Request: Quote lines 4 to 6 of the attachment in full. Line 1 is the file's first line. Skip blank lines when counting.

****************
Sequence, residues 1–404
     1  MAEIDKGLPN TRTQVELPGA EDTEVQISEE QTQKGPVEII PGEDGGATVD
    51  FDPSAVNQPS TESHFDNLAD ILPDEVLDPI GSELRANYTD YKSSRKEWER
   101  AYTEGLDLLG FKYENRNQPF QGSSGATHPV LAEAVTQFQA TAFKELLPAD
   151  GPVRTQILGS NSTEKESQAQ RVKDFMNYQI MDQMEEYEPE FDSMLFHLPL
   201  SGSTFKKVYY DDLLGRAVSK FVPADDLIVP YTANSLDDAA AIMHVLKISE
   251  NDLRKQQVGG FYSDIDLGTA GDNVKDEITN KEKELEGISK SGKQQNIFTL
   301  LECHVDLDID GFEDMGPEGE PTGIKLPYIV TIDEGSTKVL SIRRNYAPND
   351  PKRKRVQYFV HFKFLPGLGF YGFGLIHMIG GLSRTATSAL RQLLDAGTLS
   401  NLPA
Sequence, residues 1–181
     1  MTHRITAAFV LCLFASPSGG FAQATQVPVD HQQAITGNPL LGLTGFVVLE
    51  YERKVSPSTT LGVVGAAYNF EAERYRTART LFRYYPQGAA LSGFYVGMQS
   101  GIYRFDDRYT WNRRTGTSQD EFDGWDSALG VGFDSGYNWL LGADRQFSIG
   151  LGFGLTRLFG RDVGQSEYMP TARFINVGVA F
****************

   101  AYTEGLDLLG FKYENRNQPF QGSSGATHPV LAEAVTQFQA TAFKELLPAD
   151  GPVRTQILGS NSTEKESQAQ RVKDFMNYQI MDQMEEYEPE FDSMLFHLPL
   201  SGSTFKKVYY DDLLGRAVSK FVPADDLIVP YTANSLDDAA AIMHVLKISE